Scott Walker :: La Chanson De Jacky (Jackie)


Pro-tip: If you’re unfamiliar, the Netflix on demand feature, with the Roku player, is pretty ace (not to mention economical).   Through it, I finally got around to viewing the Scott Walker documentary 30 Century Man. As a fan, it is a fascinating, not to mention informative, watch tying up some loose ends in terms of the reclusive crooner’s journey from the early Walker Brothers pop-idol years, through the first four Scott solo LPs, on to his eventual role in the world of avant garde.   Fan or not, the cast of characters who pop up throughout the doc’s interview series should pique the interest of those with even a passing interest in Walker’s body of work — see: David Bowie, Brian Eno, Radiohead, Jarvis Cocker, Johnny Marr and Damon Albarn, among others

MP3: Scott Walker :: 30 Century Man

One of the documentaries highlights is when the fimmakers delve into Walker’s sixties work covering Parisian singer/songwriter/showman Jacques Brel both live, on his television show, and on record via the Scott Walker Sings Jacques Brel collection (comprised of nine tracks culled from Scott’s first three solo albums).   If you’ve heard Walker cover Brel then you know his versions are nothing short of grandiose and bombastic, and done up in a way that retains both the original’s spirit and intensity. Listen to Walker cover Brel’s “La Chanson De Jacky” below.

As an aside, as much as I love the Walker Brothers and Scott’s early solo records I still can’t get on board with his latter career experimental works (most recently The Drift), which is interesting as I have friends with the exact opposite take on Walker’s career.   Different strokes, etc.   Love to hear your thoughts on Tilt, The Drift, etc, in the comments.

MP3: Scott Walker :: Jackie (Jacques Brel cover)
MP3: Jacque Brel :: La Chanson De Jacky
Amazon: Scott Walker – Scott Walker Sings Jacques Brel

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11 thoughts on “Scott Walker :: La Chanson De Jacky (Jackie)

  1. I too saw that documentary recently – I’d never actually heard of Scott before, though I did recognise one or two of the Walker Brothers tunes. It was interesting enough to make me consider getting one (or some) of his first 4 solo albums… I don’t think I’ll bother going further than that though.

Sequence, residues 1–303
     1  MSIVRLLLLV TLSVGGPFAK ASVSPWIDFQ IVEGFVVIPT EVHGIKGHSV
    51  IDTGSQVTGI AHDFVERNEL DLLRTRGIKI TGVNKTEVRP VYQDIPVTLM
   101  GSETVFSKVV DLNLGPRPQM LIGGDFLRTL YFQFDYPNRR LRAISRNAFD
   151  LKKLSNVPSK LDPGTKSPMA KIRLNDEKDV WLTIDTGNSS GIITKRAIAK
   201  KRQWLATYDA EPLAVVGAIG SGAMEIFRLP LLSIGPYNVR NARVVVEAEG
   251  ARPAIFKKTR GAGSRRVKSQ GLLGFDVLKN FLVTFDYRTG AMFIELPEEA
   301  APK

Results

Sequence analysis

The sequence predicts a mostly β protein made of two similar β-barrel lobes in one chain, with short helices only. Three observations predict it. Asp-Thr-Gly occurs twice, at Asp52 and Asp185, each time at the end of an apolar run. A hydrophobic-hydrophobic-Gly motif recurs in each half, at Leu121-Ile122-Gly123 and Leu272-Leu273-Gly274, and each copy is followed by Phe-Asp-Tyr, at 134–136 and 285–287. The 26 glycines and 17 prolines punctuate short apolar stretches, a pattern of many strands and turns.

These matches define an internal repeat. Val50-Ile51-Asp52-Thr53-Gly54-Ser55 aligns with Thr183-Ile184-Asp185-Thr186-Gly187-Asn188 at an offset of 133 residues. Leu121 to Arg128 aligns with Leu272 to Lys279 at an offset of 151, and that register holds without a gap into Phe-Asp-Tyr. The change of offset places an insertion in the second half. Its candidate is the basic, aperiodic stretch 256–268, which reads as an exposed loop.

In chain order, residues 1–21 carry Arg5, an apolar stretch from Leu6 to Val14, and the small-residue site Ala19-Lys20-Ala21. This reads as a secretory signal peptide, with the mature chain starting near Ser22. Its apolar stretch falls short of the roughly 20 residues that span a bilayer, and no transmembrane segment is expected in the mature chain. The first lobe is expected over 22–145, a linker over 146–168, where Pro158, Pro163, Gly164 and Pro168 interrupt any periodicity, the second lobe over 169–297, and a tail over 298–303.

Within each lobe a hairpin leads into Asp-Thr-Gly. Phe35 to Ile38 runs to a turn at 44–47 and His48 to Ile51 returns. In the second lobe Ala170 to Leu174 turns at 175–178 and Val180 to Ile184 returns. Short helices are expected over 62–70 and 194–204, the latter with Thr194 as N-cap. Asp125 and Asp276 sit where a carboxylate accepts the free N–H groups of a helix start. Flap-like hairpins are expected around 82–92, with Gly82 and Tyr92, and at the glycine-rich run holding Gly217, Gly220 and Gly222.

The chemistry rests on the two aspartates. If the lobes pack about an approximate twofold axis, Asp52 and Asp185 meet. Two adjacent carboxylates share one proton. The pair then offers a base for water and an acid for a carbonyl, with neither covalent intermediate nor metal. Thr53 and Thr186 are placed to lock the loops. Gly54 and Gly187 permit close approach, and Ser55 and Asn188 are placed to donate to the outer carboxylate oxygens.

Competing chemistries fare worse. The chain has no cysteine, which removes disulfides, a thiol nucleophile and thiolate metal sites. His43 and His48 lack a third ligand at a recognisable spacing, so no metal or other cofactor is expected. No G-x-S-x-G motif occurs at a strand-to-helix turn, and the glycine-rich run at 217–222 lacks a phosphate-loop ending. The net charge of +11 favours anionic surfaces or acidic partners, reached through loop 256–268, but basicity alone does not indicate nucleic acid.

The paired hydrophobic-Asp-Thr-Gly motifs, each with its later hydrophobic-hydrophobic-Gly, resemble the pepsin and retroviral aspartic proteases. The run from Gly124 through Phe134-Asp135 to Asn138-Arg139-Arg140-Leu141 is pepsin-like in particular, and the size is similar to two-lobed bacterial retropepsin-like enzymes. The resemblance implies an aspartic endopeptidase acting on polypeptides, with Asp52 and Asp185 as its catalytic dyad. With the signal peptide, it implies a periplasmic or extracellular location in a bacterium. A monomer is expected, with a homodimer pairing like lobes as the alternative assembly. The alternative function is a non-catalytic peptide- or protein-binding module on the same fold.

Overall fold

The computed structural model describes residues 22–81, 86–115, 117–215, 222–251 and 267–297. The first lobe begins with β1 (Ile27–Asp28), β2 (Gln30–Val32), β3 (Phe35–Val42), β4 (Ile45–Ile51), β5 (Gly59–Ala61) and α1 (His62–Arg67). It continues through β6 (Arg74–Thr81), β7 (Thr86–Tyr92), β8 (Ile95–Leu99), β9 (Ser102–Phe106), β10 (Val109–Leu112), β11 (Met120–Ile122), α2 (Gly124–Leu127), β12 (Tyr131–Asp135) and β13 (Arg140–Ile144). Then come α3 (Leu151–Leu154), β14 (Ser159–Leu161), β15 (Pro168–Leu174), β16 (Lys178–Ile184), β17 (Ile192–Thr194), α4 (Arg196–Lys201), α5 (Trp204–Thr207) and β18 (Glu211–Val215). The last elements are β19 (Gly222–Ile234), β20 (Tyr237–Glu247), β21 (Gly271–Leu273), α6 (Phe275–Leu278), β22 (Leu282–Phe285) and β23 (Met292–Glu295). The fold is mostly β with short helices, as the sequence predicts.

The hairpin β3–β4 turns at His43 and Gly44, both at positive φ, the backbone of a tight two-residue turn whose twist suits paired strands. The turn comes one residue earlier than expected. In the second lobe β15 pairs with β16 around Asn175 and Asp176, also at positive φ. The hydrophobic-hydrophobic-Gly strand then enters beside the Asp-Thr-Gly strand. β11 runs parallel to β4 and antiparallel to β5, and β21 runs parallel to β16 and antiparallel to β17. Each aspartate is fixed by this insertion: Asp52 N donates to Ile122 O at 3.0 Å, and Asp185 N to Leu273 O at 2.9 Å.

2. Thank you for this post. I’ve been hitting the first four Scott albums lately with the same gusto and entusiasism as one of his vocal performances.

    Scott has the most incredibly evocative voice in pop. I just love the over the top melodrama in his best early stuff.

    By the by, Jacques Brel was Belgian, not French. And Django Reinhardt for that matter.

  3. Thanks. I’ve yet to see 30th century man. My dad got the dvd but I never really cared to check it out. I will soon.
    I remember there was an interesting interview of Scott (together with Jarvis Cocker) on Q magazine (published some 2 to 3 years ago) which I enjoyed. Fun interview.

  4. I’ve been able to listen to Scott Walker fairly limitlessly recently, which is not something I can say for a lot of the music I come across. Tilt and The Drift were certainly a little bit more difficult to get into than the earlier albums, but I found that the documentary helped me appreciate those as well. ‘Til the Band Comes In is definitely worthwhile as well, and often overlooked in favor of Scott 1-4.

    Incidentally, I just posted this Brel song last month:

    You may find other things on God and My Toothbrush enjoyable.

  5. @kevin, right, I actually had ‘Belgian’ there originally, but switched to ‘Parisian’ (not ‘French’) to illustrate that he spent the majority of his life/career in Paris and was very tied to the arts scene there.

  6. 30 century man is one of the finest music documentaries i have seen. a friend turned me on to him about 5 years ago via the track “we came through” and i’ve been infatuated ever since. have to admit, i’m partial to his earlier, more conventional work but i do like tilt as well (still haven’t picked up the drift). lately, my favorite track has been “the lady came from baltimore”.

    he is truly a fascinating musician, i find his approach/attitude really inspiring.

  7. “Jackie” is perhaps my favorite song ever. 30 Century Man is on Netflix instatnt queue these days- everyone should watch it.

  8. getting into Tilt is simple. Listen to The Drift, all the way through, maybe 2-3 times, then put on Tilt. it will sound like Burt Bacharach by comparison. Seriously though, Tilt, as difficult as it is, is full of stunningly beautiful melodies and orchestrations and tons of Scott evoking those unnamable feelings.

    As for the Drift, it’s pretty great too, but maybe we’ll have to wait for his next record to make the Drift sound ‘pretty’.

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